A lot has been written, spoken and sometimes implied about Northern Ireland and we have seen many changes in the past four or five years. Indeed, there is a Chinese proverb which states, "May you live in interesting times". No one could deny that in Northern Ireland we are living in the most interesting times and the Police (Northern Ireland) Bill has had its fair share of public exposure and debate in recent months, not least in your Lordships' Committee today. I find it strange that I am moving this amendment in view of our first debate today about some parts of the community accepting the RUC and other parts of the community rejecting them.

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In the world today we often express ourselves with an abbreviation of the title of the organisations to which we are referring. For example, we refer to the different departments within government by italics only. It has become a form of shorthand that we are all used to. If I were to mention in this Chamber the IRA, the UDA, the UVF, the RUC and the NIO, most if not all Members of the Committee would know to whom I was referring. But in these amendments the group of people referred to is known as the CPLC. Few other than those of us from Northern Ireland who sit in this House would understand to whom that refers.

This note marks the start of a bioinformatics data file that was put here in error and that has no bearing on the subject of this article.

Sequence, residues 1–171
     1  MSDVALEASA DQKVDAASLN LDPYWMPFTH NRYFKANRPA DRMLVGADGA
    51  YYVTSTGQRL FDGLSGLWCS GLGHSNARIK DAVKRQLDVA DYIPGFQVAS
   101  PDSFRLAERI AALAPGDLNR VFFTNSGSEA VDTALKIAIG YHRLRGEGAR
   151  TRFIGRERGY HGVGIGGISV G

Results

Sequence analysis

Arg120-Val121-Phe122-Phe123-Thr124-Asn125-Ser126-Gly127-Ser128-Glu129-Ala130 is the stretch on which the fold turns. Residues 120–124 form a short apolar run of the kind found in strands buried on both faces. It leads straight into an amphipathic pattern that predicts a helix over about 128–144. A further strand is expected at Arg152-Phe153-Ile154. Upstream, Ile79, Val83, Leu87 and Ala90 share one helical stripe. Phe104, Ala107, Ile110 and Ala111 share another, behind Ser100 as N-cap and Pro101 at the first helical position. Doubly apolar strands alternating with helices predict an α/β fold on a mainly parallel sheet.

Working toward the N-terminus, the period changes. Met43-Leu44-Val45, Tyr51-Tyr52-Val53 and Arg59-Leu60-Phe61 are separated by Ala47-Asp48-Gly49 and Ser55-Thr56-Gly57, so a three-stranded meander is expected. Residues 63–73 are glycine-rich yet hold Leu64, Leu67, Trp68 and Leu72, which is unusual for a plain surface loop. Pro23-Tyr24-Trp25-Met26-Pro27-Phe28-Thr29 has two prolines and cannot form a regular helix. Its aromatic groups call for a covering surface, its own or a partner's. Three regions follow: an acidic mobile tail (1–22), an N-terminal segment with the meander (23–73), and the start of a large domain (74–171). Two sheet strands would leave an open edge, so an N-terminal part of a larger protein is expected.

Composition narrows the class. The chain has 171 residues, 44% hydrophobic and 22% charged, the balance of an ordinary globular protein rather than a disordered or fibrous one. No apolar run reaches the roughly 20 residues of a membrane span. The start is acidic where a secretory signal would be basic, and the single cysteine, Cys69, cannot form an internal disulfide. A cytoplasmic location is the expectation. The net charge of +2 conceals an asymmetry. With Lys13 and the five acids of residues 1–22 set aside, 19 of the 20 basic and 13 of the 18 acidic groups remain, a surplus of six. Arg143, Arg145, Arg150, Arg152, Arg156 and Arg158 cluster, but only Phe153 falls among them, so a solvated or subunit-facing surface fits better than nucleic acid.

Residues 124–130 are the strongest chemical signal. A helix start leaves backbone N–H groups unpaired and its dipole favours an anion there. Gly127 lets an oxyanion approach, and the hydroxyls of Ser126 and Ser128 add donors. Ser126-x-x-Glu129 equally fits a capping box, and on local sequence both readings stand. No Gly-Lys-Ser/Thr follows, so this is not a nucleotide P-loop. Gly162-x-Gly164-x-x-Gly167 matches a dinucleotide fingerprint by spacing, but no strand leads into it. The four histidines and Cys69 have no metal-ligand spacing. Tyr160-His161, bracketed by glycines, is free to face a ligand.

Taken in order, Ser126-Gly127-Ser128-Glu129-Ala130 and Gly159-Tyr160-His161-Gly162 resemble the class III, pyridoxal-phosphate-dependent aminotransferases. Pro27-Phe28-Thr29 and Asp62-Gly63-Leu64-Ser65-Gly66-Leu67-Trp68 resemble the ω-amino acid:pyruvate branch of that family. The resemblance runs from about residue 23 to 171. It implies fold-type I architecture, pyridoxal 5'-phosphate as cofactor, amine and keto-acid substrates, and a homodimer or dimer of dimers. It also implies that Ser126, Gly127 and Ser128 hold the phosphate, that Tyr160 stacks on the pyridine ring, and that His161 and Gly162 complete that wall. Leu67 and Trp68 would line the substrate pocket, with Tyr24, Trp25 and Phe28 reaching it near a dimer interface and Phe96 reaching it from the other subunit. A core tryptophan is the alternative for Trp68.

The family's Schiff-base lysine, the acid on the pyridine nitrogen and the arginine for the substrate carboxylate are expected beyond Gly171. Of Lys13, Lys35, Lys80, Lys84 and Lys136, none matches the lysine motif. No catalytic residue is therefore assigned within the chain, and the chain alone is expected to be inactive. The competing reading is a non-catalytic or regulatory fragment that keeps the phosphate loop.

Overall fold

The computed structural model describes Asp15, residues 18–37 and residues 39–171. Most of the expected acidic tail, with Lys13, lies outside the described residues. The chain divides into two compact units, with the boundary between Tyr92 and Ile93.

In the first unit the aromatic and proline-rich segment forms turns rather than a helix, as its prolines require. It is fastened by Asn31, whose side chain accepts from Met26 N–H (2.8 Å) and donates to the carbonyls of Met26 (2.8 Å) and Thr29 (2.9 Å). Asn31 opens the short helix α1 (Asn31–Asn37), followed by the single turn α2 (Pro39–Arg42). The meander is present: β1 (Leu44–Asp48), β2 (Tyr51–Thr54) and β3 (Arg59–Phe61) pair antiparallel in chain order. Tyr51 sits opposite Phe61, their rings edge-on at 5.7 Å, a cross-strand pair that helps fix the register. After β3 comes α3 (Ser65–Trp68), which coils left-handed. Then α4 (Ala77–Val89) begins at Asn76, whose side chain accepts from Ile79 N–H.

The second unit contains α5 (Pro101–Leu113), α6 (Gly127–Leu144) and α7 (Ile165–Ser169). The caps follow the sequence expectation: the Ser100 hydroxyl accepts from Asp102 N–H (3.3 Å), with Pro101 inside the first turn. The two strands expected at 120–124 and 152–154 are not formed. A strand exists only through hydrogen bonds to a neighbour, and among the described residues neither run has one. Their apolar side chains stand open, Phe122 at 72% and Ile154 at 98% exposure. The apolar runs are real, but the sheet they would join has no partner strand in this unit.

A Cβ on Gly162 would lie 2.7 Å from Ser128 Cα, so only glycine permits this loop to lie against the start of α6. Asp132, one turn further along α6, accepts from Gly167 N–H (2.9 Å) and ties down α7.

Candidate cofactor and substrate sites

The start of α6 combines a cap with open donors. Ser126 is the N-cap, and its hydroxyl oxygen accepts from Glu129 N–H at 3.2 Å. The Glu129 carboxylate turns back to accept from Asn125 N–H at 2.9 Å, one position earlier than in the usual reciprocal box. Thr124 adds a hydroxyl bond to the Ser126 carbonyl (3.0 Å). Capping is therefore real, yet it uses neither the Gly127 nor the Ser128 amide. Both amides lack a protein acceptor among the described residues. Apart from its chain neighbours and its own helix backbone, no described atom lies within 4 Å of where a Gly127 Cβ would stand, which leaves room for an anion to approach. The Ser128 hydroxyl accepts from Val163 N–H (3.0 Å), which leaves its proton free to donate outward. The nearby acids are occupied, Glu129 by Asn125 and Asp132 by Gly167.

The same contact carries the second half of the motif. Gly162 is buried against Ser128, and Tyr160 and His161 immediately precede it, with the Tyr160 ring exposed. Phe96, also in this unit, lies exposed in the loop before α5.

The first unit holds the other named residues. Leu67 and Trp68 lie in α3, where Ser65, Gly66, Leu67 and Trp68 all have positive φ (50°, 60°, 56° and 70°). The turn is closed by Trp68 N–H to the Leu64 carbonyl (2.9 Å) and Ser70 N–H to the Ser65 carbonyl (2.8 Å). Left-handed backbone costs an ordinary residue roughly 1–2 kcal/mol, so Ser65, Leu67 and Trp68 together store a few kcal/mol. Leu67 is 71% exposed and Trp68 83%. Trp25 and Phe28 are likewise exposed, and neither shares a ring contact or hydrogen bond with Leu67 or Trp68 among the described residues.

The simple answer is that these committees or groups are made up of "ordinary" people--I do not like to use that word but it is the only way I can find to describe them-- who live in local neighbourhoods, who have wanted to have an input in their own areas. Many have taken great personal risk to do so, during times when it has been very dangerous within both communities--yes, both communities--to show such an interest or involvement in such affairs. Despite the risk of being a member of such committees, the reality is that across Northern Ireland "ordinary" people have felt that it is a risk worth taking and that has been demonstrated through their active involvement over the past number of years.

The setting up of the CPLCs has been to the advantage of both the RUC and the local communities within the areas they operate from. Many have benefited from the formation of the CPLCs with issues such as crime and vandalism. Community safety and sometimes even the breakdown of community relations have been successfully addressed due to the enormous amount of good work carried out by the CPLCs. Unfortunately, most of this work has gone unnoticed.